A story in Sunday’s NYT makes the case for George Clooney, movie star AND actor. I agree 100 percent. As a withered crone, of course my hubba-hubba interest in him is, in a word, gross, so I lay that aside and concentrate, like the writer of this piece does, on how he does it. We saw “Up in the Air” over the weekend, and there were several points where I noticed what isn’t appealing about his physicality — he’s a little too thin, and has the big Hollywood head first pointed out by LAMary some time back. (As an Angeleno who has seen many in the flesh, she called actors “the lollipop people.”) There was an angle here and there where you could see his neck is getting crepey, although he retains the Clooney sparkle and will until he dies.
What I like about him is his (seeming) professional pluck, uncommon in a movie star capable of phoning it in until retirement. He comes across as not only a nice movie-star guy, but one who really is all about the work. He takes chances, stretches himself, is unafraid of both failure and unflattering camera angles that show his softening neck. He has the self-effacement and good sense not to whine about how hard it is to be him, at least in public. I know a few people who’ve had personal encounters with him and say he’s pretty much as advertised, and if it really is all bullshit and he’s just very good at snowing fangirls like me, then, well-snowed, sir.
Terrence Rafferty gets it right at the very beginning:
He’s the kind of actor who could float along forever on his genial presence alone, coast on charm. But he doesn’t. (Or doesn’t always.) That’s the mystery.
That is, indeed, the mystery. It’s hard to imagine another actor carrying “Up in the Air” as capably as he does, even when you look closely and see where he gets help. He plays a son of a bitch who happily fires people for a living, but gains our sympathy through the early introduction of an even bigger monster, a young underling who wants to fire people for a living via teleconference. He makes a pitch for the comparable dignity of doing such ugly work in person, and you almost forget that he’s the guy who makes his living through outsourced terminations in the first place. It’s the Don Corleone trick; he’s happy to make his living from violence, gambling, prostitution and protection, but not from drugs. He’s the best bad guy in the room.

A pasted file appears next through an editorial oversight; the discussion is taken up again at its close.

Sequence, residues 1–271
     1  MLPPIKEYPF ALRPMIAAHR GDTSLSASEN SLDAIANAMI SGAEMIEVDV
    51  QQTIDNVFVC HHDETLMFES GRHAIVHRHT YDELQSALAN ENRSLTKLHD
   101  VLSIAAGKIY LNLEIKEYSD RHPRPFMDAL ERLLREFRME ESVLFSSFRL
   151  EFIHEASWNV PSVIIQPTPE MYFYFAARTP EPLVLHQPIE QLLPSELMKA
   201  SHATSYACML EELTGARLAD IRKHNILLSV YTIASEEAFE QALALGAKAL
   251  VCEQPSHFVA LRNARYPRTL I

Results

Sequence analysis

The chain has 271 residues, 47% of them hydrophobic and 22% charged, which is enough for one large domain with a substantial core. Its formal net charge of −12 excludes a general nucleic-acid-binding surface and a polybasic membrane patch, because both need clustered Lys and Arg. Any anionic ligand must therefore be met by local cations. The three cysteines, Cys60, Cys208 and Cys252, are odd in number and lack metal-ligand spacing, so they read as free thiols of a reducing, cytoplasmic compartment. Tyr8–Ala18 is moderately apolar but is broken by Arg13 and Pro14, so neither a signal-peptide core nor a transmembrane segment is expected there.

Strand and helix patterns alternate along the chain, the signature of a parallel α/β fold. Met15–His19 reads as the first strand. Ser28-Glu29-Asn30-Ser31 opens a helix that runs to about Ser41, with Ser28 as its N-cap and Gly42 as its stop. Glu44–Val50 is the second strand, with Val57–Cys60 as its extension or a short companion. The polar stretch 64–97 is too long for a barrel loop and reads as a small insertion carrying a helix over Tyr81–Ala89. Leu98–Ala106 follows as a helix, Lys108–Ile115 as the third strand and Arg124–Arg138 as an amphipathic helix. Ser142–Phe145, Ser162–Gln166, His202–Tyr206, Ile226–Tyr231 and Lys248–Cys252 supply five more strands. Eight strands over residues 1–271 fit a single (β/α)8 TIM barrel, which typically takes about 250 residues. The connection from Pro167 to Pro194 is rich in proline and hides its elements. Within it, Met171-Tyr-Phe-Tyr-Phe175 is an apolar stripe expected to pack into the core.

I try not to read too much about movies I intend to see in theaters, but it was hard to miss the chatter about “Up in the Air,” particularly as it was partially shot here and touches the raw wound of job loss. I read beforehand about how Jason Reitman, the writer and director, had to make a tonal shift in his script as the story was, as we say in journalism, overtaken by events. But whatever he had to rewrite or rethink, he did it exceptionally well. It’s so sure-footed. I think one reason I liked this movie so much is, we don’t see enough stories onscreen about people’s work lives (unless they’re doctors or lawyers or police, that is). We certainly don’t see many about people who work in white-collar office jobs, and I found myself moved by shots that weren’t even particularly fussed over — the pans of offices already half-empty, the extra chairs pushed into a vacant cubicle, the phones piled up on the floor, the way everyone sees Clooney walk in and immediately cower in fear. I’ve been there; my office looked like that when I left, and one of the exciting new ad hoc committees for 2005 was supposed to be the rearrangement and removal of furniture so it didn’t look so tumbleweedy.